Ever since its first publication in 1934, Miklós Szentkuthy’s Prae has continued to baffle generations of critics and readers alike. Regarded as a seminal work by some, dismissed as a pretentious monstrosity by others, Prae, Szentkuthy’s first work, was published when the Hungarian author was merely twenty-six years old. To date, the book has never been translated in its entirety into any language, though excerpts appeared in French and Serbo-Croatian in the 1970s, and sections had been translated into German in the 1930s but were never published. It is quite an enterprise, then, on the part of Contra Mundum Press, to commit to publishing Prae, following two other works by Szentkuthy―Marginalia on Casanova and Towards the One and Only Metaphor―all three translated by Tim Wilkinson.
New anthologies of African fiction seem to materialize virtually every year, if not more often in recent years. When presented with the physical fact of yet another new anthology of African fiction, the immediate question, one which I was asked when I pressed the warm, bound pages of the Africa39 anthology into the even warmer hands of a new acquaintance, was: why should I read this?
Antal Szerb’s lithe, lively, and wholly endearing fiction is peopled by male dreamers on spiritual journeys of self-discovery. Each one sets out on his respective mini-mission with good intentions but knows from the outset that there are only so many harsh truths he can withstand. In this respect, all Szerb’s protagonists seem to have heeded the advice of Greene’s Dr. Hasselbacher’s at the beginning of Our Man in Havana: “You should dream more, Mr. Wormold. Reality in our century is not something to be faced.”
The idea was to uncover the secret life of these texts, why do their creators consider them their best work? What’s the clandestine, the underground, the surreptitious meaning or attachment? Where’s the kernel, the seed from which a body of work grew, what the driving obsession? Is it something sentimental, something technical, maybe even something spiritual? I wanted to open the door to the intimate space that exists between a writer and his work, and allow his or her readers a glimpse into that space, which under normal circumstances we are never privy to; here’s the text in black and white on the page, bearing witness and available to all of us now, but whose ghostly presence is still there? What is rooted in these extraordinary writers’ imaginations? I wanted the names of the ghosts haunting the blueprint spaces, and that’s why I ask the question “who are your departed?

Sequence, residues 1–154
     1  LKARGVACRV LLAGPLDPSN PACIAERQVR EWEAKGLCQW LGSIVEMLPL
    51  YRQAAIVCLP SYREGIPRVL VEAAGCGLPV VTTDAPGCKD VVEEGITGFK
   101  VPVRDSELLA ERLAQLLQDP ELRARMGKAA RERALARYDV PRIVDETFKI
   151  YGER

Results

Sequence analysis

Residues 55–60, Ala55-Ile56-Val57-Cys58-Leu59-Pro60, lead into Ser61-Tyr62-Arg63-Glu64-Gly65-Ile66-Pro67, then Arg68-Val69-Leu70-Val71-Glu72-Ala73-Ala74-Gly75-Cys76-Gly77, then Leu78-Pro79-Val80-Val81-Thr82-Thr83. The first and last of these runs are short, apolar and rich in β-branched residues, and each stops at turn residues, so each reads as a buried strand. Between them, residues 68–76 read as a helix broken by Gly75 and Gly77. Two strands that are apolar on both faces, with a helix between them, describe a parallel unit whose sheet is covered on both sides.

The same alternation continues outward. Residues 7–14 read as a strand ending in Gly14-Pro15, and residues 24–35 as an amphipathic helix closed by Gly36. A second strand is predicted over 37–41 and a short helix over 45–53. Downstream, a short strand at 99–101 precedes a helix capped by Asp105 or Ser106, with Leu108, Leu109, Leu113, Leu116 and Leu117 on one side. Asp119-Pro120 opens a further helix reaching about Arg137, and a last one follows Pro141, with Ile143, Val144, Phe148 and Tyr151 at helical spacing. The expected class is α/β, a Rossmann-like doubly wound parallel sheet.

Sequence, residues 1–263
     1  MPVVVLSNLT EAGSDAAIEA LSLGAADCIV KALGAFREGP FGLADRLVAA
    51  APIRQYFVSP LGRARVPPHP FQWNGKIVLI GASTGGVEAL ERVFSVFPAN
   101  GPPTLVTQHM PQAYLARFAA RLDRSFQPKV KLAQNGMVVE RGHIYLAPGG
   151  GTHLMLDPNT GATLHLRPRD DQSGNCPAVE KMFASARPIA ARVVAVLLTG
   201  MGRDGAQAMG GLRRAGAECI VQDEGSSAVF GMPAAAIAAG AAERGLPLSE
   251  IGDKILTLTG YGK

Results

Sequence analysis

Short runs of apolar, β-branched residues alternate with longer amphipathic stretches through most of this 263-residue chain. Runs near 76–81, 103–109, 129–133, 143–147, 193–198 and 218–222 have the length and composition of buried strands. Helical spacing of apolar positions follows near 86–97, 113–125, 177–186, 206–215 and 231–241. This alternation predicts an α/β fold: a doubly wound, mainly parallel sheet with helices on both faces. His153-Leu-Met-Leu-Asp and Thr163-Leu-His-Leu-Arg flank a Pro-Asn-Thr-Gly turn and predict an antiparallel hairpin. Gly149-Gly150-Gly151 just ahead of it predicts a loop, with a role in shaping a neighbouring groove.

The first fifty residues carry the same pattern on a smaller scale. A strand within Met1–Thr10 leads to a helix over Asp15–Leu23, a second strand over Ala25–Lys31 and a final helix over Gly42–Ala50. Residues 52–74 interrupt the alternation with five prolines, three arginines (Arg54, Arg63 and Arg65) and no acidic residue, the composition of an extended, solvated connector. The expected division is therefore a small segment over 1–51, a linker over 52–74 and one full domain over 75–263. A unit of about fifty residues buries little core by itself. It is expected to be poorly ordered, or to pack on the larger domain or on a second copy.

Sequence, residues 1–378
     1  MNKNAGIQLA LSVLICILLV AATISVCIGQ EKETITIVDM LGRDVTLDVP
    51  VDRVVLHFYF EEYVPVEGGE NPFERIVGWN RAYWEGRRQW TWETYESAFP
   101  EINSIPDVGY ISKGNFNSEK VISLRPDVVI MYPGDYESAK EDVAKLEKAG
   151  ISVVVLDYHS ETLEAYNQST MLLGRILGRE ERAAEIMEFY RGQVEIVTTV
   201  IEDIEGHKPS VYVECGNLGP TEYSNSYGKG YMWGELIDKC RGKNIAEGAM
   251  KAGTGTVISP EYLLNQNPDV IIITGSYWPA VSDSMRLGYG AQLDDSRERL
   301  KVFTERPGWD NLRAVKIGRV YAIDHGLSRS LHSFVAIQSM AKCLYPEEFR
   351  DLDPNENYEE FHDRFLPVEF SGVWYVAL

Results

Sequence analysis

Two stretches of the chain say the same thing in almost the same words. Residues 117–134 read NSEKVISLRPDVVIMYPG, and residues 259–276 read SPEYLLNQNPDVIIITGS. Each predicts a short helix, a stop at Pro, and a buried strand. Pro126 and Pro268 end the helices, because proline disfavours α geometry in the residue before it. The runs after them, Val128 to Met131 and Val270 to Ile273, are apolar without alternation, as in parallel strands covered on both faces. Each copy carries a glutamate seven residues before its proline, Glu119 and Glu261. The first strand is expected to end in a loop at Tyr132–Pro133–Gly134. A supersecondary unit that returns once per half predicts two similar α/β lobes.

Throughout his life, Paul Celan was haunted by the experience of the Shoah, and his later works see him undergoing something analogous to the turn in Heidegger’s thinking. Until the publication of Breathturn (which marks the beginning of Breathturn Into Timestead), Celan was heavily influenced by both traditional poetry from a variety of languages and the surrealists with whom he spent much of his youth. Even his darkest poems, such as the famous “Todsfuge,” or “Deathfugue,” contain an element of metaphorical lightness, a pleasure in the play of images, despite the horror of their content.